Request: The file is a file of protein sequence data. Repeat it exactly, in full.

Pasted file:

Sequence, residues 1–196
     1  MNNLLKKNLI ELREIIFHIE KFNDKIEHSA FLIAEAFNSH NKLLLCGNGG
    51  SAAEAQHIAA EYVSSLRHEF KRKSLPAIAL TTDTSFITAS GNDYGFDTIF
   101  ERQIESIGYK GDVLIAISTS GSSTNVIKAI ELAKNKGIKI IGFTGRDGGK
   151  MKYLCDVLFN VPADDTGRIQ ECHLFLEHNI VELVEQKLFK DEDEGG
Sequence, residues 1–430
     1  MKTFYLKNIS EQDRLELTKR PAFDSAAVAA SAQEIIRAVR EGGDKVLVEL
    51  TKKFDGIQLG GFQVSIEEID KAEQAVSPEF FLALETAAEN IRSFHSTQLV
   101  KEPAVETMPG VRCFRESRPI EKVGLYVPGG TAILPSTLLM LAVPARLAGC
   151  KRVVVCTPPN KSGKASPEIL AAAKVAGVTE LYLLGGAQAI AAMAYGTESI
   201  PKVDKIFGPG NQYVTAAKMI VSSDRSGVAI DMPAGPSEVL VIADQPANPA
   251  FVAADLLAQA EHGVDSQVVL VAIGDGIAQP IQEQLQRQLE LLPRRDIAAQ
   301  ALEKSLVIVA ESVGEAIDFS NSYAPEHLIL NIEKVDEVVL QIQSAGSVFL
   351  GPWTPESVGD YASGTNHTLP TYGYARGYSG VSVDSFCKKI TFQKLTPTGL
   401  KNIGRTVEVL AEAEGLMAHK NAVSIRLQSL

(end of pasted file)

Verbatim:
Sequence, residues 1–196
     1  MNNLLKKNLI ELREIIFHIE KFNDKIEHSA FLIAEAFNSH NKLLLCGNGG
    51  SAAEAQHIAA EYVSSLRHEF KRKSLPAIAL TTDTSFITAS GNDYGFDTIF
   101  ERQIESIGYK GDVLIAISTS GSSTNVIKAI ELAKNKGIKI IGFTGRDGGK
   151  MKYLCDVLFN VPADDTGRIQ ECHLFLEHNI VELVEQKLFK DEDEGG
Sequence, residues 1–430
     1  MKTFYLKNIS EQDRLELTKR PAFDSAAVAA SAQEIIRAVR EGGDKVLVEL
    51  TKKFDGIQLG GFQVSIEEID KAEQAVSPEF FLALETAAEN IRSFHSTQLV
   101  KEPAVETMPG VRCFRESRPI EKVGLYVPGG TAILPSTLLM LAVPARLAGC
   151  KRVVVCTPPN KSGKASPEIL AAAKVAGVTE LYLLGGAQAI AAMAYGTESI
   201  PKVDKIFGPG NQYVTAAKMI VSSDRSGVAI DMPAGPSEVL VIADQPANPA
   251  FVAADLLAQA EHGVDSQVVL VAIGDGIAQP IQEQLQRQLE LLPRRDIAAQ
   301  ALEKSLVIVA ESVGEAIDFS NSYAPEHLIL NIEKVDEVVL QIQSAGSVFL
   351  GPWTPESVGD YASGTNHTLP TYGYARGYSG VSVDSFCKKI TFQKLTPTGL
   401  KNIGRTVEVL AEAEGLMAHK NAVSIRLQSL